This week, our Chicago brain injury lawyers are exploring nontraumatic brain injuries. The most common cause of nontraumatic brain injury is hypoxic or anoxic injury. Also referred to as cerebral hypoxia or hypoxic-anoxic injury (HAI), the brain injury is extremely serious and life threatening.
HAI is caused by a lack of oxygen to the brain. The brain, like all organs, requires oxygen to function normally. Oxygen is used to metabolize glucose, which provides energy for all of the body’s cells. Without energy, cells no longer function and eventually die. Ninety percent of the brain’s energy is used to send electrochemical impulses and control neurotransmitters (the chemical messengers which transmit messages within the brain, and by which the brain regulates body functions and behavior).
Lack of oxygen interrupts these impulses, and interferes with the functioning of neurotransmitters. As a result, if the brain is deprived of sufficient oxygen for even very short periods it begins to shut down, with brain cell death occurring in as little as five minutes. The consequences of hypoxic or anoxic injury can be severe and permanent brain damage, strokes, and even death.
In technical terms, hypoxia and anoxia are distinguished by the amount of oxygen that reaches bodily tissue. Hypoxic brain injuries are caused by an inadequate supply of oxygen to brain tissue, whereas anoxic brain injuries are caused by a total lack of oxygen to brain tissue. Thus, when a lack of oxygen is immediately encountered, this is referred to as a hypoxic event. Then when the brain is finally completely deprived of oxygen, this evolves into an anoxic event. Though the events are technically different, in practice the terms are used interchangeably.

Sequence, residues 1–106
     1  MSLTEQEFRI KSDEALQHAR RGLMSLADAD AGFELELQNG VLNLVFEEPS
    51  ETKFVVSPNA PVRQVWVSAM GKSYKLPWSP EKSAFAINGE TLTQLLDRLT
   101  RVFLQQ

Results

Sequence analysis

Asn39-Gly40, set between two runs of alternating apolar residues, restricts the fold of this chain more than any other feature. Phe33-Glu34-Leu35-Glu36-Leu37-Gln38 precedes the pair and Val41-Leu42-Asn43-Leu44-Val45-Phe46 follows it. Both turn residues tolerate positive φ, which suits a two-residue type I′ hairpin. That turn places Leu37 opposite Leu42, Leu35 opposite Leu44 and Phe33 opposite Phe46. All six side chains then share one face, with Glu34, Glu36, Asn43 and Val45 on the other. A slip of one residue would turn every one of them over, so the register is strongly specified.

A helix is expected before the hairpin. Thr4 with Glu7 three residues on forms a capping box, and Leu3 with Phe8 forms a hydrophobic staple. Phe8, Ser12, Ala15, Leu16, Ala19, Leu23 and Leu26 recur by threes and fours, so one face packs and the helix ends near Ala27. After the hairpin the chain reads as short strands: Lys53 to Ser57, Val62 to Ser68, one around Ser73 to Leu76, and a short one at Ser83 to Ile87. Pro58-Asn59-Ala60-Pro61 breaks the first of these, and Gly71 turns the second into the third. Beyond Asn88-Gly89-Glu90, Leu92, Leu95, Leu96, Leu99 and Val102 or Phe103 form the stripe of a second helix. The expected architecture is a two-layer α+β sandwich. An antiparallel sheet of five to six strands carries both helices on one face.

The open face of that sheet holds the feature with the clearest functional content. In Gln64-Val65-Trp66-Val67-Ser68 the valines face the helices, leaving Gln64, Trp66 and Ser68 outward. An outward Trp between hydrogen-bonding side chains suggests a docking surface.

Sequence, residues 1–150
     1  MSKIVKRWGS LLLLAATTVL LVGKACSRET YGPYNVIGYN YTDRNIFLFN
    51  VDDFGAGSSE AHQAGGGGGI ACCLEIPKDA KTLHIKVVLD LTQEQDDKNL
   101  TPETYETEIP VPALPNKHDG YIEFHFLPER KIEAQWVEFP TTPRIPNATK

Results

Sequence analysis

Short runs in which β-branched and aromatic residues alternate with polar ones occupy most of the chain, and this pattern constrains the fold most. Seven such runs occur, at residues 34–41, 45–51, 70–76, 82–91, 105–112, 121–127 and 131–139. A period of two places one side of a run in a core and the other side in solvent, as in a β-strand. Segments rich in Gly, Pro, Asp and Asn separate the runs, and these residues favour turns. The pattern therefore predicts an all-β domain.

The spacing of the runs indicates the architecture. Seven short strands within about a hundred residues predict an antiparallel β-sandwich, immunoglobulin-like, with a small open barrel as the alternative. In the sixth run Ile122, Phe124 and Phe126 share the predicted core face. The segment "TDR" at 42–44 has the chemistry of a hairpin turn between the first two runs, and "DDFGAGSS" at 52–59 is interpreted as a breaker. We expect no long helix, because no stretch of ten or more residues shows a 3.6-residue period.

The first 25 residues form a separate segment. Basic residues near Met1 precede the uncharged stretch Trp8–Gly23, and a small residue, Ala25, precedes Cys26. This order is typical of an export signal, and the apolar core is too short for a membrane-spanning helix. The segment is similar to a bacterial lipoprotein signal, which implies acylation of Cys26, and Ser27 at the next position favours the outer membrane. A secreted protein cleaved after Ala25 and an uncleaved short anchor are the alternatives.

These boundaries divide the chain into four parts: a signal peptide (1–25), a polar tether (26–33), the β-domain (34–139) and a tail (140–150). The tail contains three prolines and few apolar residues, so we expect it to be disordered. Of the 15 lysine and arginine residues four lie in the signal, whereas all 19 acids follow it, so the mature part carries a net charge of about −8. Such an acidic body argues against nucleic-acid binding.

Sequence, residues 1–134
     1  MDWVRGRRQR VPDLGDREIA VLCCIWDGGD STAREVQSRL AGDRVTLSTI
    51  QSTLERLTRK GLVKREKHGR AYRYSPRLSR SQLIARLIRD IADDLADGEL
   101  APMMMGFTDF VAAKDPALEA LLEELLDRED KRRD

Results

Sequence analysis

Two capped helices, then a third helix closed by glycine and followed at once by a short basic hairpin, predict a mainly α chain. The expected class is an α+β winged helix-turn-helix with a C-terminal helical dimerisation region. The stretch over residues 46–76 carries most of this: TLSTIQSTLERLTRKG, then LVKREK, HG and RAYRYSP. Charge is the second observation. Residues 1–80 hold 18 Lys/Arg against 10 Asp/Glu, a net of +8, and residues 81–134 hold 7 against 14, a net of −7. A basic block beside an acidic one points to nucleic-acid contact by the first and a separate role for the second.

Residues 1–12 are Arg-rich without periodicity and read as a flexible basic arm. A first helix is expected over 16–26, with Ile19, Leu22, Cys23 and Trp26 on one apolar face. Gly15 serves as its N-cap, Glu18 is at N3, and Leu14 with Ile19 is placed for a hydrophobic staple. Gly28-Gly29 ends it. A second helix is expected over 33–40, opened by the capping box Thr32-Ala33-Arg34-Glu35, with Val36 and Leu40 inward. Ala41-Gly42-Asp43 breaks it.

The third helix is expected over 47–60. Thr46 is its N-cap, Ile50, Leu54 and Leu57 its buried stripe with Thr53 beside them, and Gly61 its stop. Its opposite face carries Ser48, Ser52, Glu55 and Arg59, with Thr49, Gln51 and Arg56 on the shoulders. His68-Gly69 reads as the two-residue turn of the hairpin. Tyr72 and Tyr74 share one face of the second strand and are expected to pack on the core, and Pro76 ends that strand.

Hypoxic-ischemic encephalopathy (HIE) is a serious form of hypoxia, which is characterized by clinical and laboratory evidence of acute or subacute brain injury due to asphyxia (ie, hypoxia, acidosis). This condition may arise during the birthing process caused by a lack of blood flow and oxygen to your baby, resulting in permanent brain damage to your child.
Catastrophic brain damage such as hypoxia, anoxia and hypoxic-ischemic encephalopathy occasionally arises in the context of medical malpractice, including obstetrical malpractice or negligence during the administration of anesthesia, which results in inadequate oxygen supply to the patient’s brain. For more information about medical malpractice or wrongful death involving a serious brain injury, contact our Chicago medical malpractice attorneys today.
As with nontraumatic brain injuries generally, hypoxia-anoxia related brain injuries may be naturally caused. However, they may also be the result of negligence or medical malpractice. If you have questions about a HAI-related injury, contact a top-rated Chicago brain injury lawyer at Passen Law Group today at (312) 527-4500 for a Free Consultation.